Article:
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A case study in the Western Indian Ocean

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Presentation on theme: "A case study in the Western Indian Ocean"— Presentation transcript:

1 A case study in the Western Indian Ocean
Modelling ecological susceptibility of coral reefs to environmental stress using remote sensing, GIS and in situ observations: A case study in the Western Indian Ocean Joseph Maina1 Valentijn Venus2 Ecological Modelling, in Review 1 Mombasa, Kenya 2.ITC, Enschede, The Netherlands

2 Most diverse marine ecosystems
Coral Reef Ecosystems Most diverse marine ecosystems Economic value Geophysical value

3 Problems Decline in coral cover Ecological shift
Loss of live livelihood Ecological shift Source: Gardner et al., 2003

4 Climate change and coral bleaching
Climate models forecast: SST increased by 1oC for last 100 yrs Current increase 1-2 oC per century Corals near their thermal threshold Increased frequency and intensity of coral bleaching

5 Case study: Western Indian Ocean

6 Main objectives Relative importance of environmental variables
-spatial pattern of coral bleaching Identify specific areas likely to be resilient Suitability of low-moderate spatial resolution remote sensors

7 Methods: research approach
2 3 1 4 5

8 Methods: satellite data
Data Product Satellite/Sensor Spatial Resolution Time Scale Sea surface Temperature (oC) NOAA AVHRR ~4 km Monthly; Chlorophyll a (mg/l) SeaWiFS ~9 km Monthly; PAR (Einstein/m2/day) Ocean current (m/s) OSCAR: TOPEX/Pseidon;JASON;QuikSCAT 1o x 1o Monthly; Wind speed (m/s) SSM/I (Special Sensor Microwave/Imager) 0.25o x 0.25o Weekly; 1997 to 2005 UV irradiance (Milliwatts/m2/nm ) TOMS Daily; 1996 to 2005 **28 Derived variables: long term and short term ≈ 5000 images

9 Satellite-in situ comparison
Unpublished in situ data by Dr.Tim McClanahan, WCS

10 Methods: bleaching observation data
33405 colonies sampled from 66 reefs (WCS) 216 bleaching occurrence & severity point data (www.reefbase.org)

11 Statistical Analysis: selected Results
Bleaching as a function of environmental variables Short term conditions Historical conditions R Square F Ratio Prob > F AIC 0.62 11.8 <.0001 329 Variable t Ratio SST anomaly 3.7 13.9 0.001 Wind speeds anomaly 3.6 13.3 SST Hotspot 3.3 11.2 Currents anomaly -3.1 9.6 0.003 UV radiation -2.8 8 0.006 2.8 7.8 0.007 Surface currents 1.9 3.8 0.057 PAR anomaly -1.8 3.2 0.078 R Square F Ratio Prob > F AIC 0.56 18.9 <.0001 350 ` Variable t Ratio Meridional currents -5.17 26.8 UV radiation -4.42 19.6 Wind speed -3.7 13.7 SST CV 2.46 6 0.02 SST hotspot 2.25 5.1 0.03

12 Reef base data: Mean against observed bleaching

13 Modeling Susceptibility – concept
High Low Resistance + Tolerance Recovery = Resilience Adopted from Obura 2005

14 Methods: Long term conditions

15 Methods: Fuzzy logic functions

16 Normalized parameters using fuzzy logic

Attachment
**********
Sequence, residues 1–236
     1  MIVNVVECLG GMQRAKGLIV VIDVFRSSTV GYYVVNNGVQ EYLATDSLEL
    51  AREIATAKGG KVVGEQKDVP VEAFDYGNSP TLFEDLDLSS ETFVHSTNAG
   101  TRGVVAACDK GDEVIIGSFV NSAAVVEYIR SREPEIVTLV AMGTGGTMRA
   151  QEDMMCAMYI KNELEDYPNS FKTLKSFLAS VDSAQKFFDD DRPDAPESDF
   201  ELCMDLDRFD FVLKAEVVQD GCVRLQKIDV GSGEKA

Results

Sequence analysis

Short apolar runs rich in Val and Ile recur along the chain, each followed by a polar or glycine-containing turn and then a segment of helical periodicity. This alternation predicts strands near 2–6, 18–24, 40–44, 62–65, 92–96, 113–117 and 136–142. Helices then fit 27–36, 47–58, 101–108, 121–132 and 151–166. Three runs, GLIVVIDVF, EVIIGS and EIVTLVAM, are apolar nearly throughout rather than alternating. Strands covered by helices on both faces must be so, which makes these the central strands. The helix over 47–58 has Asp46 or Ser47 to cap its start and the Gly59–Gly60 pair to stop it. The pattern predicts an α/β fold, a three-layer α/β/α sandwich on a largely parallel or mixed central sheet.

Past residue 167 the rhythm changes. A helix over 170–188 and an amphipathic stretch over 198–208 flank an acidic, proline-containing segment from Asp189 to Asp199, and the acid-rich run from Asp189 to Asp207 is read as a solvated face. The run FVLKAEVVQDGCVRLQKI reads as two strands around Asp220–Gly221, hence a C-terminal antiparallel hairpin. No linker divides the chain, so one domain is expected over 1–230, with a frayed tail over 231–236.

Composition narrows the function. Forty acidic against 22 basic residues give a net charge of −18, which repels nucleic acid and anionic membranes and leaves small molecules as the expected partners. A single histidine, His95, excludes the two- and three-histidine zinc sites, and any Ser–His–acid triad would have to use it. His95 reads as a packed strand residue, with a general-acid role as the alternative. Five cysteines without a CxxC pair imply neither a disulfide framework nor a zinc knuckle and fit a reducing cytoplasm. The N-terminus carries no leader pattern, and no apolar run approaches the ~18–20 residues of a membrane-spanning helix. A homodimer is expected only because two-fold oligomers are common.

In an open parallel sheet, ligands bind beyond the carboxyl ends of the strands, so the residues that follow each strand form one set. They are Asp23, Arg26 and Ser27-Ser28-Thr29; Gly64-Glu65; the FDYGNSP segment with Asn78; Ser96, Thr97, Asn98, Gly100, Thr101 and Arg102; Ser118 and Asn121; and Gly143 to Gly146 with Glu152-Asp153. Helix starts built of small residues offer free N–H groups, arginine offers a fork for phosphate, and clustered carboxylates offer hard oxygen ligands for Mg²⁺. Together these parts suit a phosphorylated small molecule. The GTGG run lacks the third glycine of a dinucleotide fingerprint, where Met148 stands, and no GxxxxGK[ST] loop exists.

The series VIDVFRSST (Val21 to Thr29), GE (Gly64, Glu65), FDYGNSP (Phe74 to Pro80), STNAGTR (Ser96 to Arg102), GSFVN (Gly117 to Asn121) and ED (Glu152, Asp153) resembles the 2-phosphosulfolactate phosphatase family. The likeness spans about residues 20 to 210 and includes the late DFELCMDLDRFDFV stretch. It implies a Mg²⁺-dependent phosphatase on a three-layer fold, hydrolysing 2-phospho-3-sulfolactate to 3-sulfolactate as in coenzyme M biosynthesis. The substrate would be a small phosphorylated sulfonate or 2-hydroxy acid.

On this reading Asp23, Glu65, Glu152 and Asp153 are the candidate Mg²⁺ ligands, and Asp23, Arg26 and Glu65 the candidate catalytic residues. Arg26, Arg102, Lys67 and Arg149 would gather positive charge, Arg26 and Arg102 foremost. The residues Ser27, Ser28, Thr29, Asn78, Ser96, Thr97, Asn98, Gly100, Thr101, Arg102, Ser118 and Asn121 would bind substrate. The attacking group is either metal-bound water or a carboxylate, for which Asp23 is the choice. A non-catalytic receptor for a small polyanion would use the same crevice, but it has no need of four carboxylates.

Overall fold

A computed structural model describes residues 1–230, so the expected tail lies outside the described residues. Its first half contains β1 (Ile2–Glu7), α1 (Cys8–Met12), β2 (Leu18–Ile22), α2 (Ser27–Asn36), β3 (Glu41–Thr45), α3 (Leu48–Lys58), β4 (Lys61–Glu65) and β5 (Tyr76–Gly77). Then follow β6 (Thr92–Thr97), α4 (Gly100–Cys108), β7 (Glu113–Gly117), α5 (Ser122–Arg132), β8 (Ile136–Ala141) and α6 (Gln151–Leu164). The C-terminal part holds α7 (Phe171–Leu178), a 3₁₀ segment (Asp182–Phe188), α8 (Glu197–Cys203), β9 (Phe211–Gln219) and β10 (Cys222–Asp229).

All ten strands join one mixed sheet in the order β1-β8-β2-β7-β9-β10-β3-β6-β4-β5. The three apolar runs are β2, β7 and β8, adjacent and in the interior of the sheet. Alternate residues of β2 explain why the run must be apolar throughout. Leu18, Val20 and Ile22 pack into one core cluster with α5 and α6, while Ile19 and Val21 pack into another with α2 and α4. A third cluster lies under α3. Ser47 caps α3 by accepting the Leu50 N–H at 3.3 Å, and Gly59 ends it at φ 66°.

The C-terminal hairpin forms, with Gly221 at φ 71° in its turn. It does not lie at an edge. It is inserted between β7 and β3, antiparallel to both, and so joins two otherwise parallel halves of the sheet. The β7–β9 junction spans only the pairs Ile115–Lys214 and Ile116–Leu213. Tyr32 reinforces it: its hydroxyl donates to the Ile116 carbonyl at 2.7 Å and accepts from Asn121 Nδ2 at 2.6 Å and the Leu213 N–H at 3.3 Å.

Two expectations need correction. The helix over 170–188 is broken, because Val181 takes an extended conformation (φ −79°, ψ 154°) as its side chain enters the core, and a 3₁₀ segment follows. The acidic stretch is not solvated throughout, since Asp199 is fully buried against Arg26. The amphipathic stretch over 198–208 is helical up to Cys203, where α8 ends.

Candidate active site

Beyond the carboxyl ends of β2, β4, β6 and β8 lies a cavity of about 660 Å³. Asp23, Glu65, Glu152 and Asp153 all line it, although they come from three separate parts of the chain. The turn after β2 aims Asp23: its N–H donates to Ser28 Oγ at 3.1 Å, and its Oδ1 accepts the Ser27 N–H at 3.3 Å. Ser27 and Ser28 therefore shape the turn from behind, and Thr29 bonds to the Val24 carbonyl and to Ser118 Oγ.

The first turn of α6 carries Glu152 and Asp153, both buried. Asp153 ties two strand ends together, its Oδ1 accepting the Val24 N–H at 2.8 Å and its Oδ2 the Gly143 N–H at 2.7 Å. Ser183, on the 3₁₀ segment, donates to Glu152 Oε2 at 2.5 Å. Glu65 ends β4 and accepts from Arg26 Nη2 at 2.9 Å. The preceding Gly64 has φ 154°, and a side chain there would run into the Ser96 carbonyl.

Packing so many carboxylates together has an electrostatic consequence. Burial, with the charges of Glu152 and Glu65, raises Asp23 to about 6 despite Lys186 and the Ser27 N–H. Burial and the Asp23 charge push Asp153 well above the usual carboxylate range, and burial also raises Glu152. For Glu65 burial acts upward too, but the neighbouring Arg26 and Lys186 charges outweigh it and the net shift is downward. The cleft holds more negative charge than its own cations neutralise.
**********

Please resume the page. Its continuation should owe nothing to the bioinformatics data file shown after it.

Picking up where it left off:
Methods: Modeling Susceptibility Normalized parameters using fuzzy logic Susceptibility from Wind velocity

17 Integration of parameters – model 1
Spatial Principal Component Analysis Selected PC’s I II III IV V VI VII Contribution ratio (%) 56.5 13.4 8.4 7.7 4.2 3.7 2.7 Cumulative contribution (%) 69.9 78.3 85.9 90.1 93.8 96.49

18 Integration of parameters: model 2
Number of layers Pixels within a each layer

19 Cosine amplitude – pair wise relation strength
Integration of parameters (2) Cosine amplitude – pair wise relation strength P1 P2 P3 P4 P5 P6 P7 P8 P9 P10 P11 P12 Eigen vectors/Scores Max SST 1 0.098 SST 0.92 0.092 UV 0.89 0.87 0.091 Chlorophyll 0.51 0.38 0.43 0.08 CV 0.9 0.91 0.59 0.097 Bleaching model 0.21 0.01 0.61 0.11 0.055 Wind speed 0.79 0.83 0.2 PAR 0.7 0.37 0.78 0.02 0.66 0.084 Zonal currents 0.64 0.65 0.69 0.34 0.03 0.63 0.074 SST Hotspot 0.48 0.42 0.39 0.41 0.28 0.081 Meridional currents 0.49 0.55 0.35 0.57 0.24 0.5 0.44 0.073 Slope 0.54 0.62 0.47 0.082

20 Results: Susceptibility Models
Kappa statistic = 0.7

21 Evaluating SM: Mortality from 1998 ENSO
Adj R2 = 0.22 P = 0.03 Adj R2 = 0.17 P = 0.06 unpublished data mortality data by Mebrahtu Ateweberhan, PhD

22 Results (2): management implications
More than half IUCN category I& II Marine Protected Areas located in moderate to high

23 Key Findings: summary Long term and short term environmental conditions predicted coral bleaching Good correlation between susceptibility and mortality More than half IUCN no take zones located in moderate-highly susceptible areas Moderate resolution data suitable for meso-scale studies

24 RS data/model limitations
Uncertainties: spatial and temporal boundaries Assumes strong connectivity – interpolation of data to coastal areas Bulky data - processing time Delivery formats - (AMIS, ASI?) Uncertainty: expert knowledge & ecological data

25 Recommendations Long time series data
Moderate to high resolution data for local scale studies – hierarchical modeling (AMIS, ASI) Simplify data access methods/conventional formats (AMIS, ASI) Closed area management should review status of MPA’s

26 Thank you ‘All Models Are Wrong’ Acknowledgements:
EU Erasmus Mundus program Consortium Directors: Prof’s: Peter Atkinson, Peter Pilesjo, Katarzyna Dabrowska, and Andrew Skidmore Mr. Valentijn Venus, ITC, The Netherlands Dr. Chris Marnnaettes, ITC Dr. Colette Robertson, NOCS, Southampton, UK Mr. Bas Beistos, ITC Mr. Aditya Singh, UoF, USA Dr. Tim McClanahan, WCS, NY, USA Dr. Jay Herman, NASA, USA Mr. John Gunn, Earth and Space Research, USA Mr. Ruben van Hooidonk, Purdue University, USA Dr. Mebrahtu Ateweberhan, GEF-World bank project, Mombasa, Kenya Dr. Ruby Moothien-Pillay, MOI, Mauritius Dr. Graham Quartley, NOCS, Southampton, UK Dr. Valborg Byfield, NOCS, Southampton, UK


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